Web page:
The rise of internet availability has made sure that ride-sharing apps become more successful by the day
There are several developmental theories that economists and experts use to measure improvements in a country and transport/ ease of communication is a key metric in almost all of them. Today, Pakistan has several public transport options like the MetroBus and Orange Line train. Over the years, we have seen governments pay a lot of attention to projects regarding transport and improving travel between and through cities. Apart from the ones mentioned, these projects also include the old, green Lahore Transport Company busses that you can still sometimes see dragging themselves around the city. Then come other initiatives by the government, like the motorway connecting (almost) all of Pakistan.
These initiatives did not cater to the middle class. That market is served by private ride hailing applications that allow comfortable and convenient rides for a price. Ever since the introduction of ride sharing apps, such as Uber and Careem, in Pakistan, the market for digital transportation has expanded. They offer rides on several price points; the user gets to choose where to get picked up from and where to be dropped off at. The riders can also lodge complaints against any unwelcome behavior and a rating system is in place for drivers and riders. They also let you pay through your credit card, allowing the ride to feel almost like you have a personal driver. The rise of internet availability has also made sure that these ride-sharing apps become more successful by the day. Every passing day, the convenience provided by these apps keeps increasing as more and more people get access to a consistent network connection and as hardware keeps getting cheaper.
This convenience is just one of many factors that make these ride-sharing apps so popular. The fact that you can move from your starting location to your destination at the touch of a button is too big a convenience to ignore. While there have been safety issues, the mechanisms provided by the organisers make sure that the drivers behavein an acceptable way. Also, the organisational structure in these corporations makes it easy to effect change quickly. All that needs to be done is to send a notification through the app installed on each phone and every employee/ rider learns about it. The fact that anyone can sign up as a driver is also a massive factor in making these applications popular. There are so many people willing to drive either part-time for some extra money or full-time. The per-ride-basis-fare incentivises drivers to work longer hours to earn more, making sure that there is a saturation of drivers for riders to get a quick match. We also have to acknowledge that applications like Uber and Careem have created employment opportunities for many people. All you need is a car, a bike, or a rickshaw and a driving licence.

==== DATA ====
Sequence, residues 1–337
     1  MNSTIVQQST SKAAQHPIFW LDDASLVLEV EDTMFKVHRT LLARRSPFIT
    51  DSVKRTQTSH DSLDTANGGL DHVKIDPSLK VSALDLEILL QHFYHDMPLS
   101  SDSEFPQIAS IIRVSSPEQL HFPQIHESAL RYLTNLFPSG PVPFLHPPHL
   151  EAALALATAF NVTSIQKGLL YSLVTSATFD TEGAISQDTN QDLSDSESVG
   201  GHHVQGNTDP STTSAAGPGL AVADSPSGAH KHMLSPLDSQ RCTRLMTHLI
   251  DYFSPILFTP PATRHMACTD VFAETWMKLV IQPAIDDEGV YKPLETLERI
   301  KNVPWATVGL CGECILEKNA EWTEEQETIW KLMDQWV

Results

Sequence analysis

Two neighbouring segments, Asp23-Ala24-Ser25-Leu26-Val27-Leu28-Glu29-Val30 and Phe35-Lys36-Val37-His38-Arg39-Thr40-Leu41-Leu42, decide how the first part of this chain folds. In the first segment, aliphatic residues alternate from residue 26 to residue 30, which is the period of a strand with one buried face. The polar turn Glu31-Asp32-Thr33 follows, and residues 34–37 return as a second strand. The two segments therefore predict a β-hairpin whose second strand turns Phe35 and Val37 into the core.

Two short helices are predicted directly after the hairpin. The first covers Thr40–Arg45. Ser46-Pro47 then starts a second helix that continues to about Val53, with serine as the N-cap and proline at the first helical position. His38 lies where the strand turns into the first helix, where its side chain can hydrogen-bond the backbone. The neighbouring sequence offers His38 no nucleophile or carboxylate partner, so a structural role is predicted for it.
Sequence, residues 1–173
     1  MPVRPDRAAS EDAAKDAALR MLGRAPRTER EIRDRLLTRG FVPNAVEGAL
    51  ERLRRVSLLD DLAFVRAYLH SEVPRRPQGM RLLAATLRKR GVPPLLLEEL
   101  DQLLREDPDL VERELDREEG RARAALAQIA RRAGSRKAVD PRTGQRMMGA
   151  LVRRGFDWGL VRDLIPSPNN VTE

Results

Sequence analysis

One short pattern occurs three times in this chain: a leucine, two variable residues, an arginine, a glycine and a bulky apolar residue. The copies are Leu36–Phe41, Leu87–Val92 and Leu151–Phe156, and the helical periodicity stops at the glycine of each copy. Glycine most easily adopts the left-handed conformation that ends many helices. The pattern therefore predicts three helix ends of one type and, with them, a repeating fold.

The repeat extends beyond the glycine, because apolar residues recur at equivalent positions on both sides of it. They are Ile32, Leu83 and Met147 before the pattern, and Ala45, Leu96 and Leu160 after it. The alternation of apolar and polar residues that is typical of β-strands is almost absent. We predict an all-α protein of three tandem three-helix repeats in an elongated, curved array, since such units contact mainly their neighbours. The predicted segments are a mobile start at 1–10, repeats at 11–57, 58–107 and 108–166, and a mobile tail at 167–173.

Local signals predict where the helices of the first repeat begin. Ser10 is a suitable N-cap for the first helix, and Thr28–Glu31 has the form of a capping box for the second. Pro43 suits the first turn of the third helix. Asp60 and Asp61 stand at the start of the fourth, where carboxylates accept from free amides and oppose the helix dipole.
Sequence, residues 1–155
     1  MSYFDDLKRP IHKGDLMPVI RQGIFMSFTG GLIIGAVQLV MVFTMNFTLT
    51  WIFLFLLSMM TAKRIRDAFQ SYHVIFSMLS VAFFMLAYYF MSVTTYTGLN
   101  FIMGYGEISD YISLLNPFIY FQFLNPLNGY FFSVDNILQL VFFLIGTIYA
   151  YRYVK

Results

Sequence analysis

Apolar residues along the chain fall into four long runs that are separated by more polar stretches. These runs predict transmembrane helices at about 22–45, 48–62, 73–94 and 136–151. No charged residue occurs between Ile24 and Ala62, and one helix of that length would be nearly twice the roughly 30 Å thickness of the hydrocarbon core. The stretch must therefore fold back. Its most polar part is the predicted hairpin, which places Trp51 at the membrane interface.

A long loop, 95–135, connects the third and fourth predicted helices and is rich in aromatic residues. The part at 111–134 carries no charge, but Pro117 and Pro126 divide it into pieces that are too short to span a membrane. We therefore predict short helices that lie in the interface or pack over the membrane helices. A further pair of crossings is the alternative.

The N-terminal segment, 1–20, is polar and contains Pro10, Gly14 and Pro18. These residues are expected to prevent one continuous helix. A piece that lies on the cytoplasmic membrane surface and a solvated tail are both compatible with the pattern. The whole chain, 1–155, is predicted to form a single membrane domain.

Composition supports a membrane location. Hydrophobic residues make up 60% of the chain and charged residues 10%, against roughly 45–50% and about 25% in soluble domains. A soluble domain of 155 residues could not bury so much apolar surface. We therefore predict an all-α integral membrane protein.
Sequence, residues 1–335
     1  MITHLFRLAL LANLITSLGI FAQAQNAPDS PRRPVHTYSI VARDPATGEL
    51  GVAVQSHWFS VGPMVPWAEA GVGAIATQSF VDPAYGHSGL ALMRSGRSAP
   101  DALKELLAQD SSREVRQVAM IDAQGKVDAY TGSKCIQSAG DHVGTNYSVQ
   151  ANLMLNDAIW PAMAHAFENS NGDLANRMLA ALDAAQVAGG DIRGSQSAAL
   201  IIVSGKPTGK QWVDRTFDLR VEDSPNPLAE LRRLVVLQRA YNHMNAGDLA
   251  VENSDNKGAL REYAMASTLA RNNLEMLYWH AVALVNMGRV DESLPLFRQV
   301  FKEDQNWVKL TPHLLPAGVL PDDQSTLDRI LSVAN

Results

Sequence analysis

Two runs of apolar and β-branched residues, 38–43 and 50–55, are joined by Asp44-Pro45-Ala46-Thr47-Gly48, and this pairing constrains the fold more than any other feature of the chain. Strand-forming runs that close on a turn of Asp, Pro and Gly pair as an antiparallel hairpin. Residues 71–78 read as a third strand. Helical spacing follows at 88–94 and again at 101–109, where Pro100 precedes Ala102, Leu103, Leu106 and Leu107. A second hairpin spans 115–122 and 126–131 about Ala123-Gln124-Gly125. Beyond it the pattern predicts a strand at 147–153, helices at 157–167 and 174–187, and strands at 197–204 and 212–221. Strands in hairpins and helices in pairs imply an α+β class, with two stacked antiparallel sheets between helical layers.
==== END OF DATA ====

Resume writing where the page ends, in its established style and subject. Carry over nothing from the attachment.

While the ride sharing applications are incredibly convenient and productive in providing job opportunities, they also are a cause for concern for the government.
While the ride sharing applications are incredibly convenient and productive in terms of providing job opportunities, they also are a cause for concern for the government. Let’s start by understanding why public transportation is so important. It allows the people who cannot afford these third party apps a cheaper and government-mandated alternative that allows them to travel across the city and to other cities. Public transport also turns into a tourist attraction if it is done well. Case-in-point, many people look at Lahore’s Orange Line train as a tourism option. It is a new experience which people like having.
While Pakistan’s public transport is fulfilling these requirements fairly adequately - even if rickshaws remain a more viable option for the less privileged - the system really fails when it comes to the more important requirements. A public transport system should ideally make for less traffic on the road, less environmental burden and quicker access from one area to another for every demographic. Pakistan’s public transportation options are just not attractive to the middle class. The reasons for this may include a lack of convenience and the stigma some people attach to travelling on public transport. This is where private ride sharing applications step in, they are everything these public transport options are not. They are convenient, they are “viable for the financially well-off”, they come to you at the click of a button and they contribute greatly to a deteriorating environmental status quo.
Therefore, while we as consumers have to make an effort to reject convenience for the sake of our environment, the government needs to do a whole lot more to make public transport an option for everyone; not just for the ones who cannot afford anything else. Improving public transport has immense potential in our fight against climate change, the government just needs to recognise and acknowledge that potential.
The writer is a reporter at The LUMS Post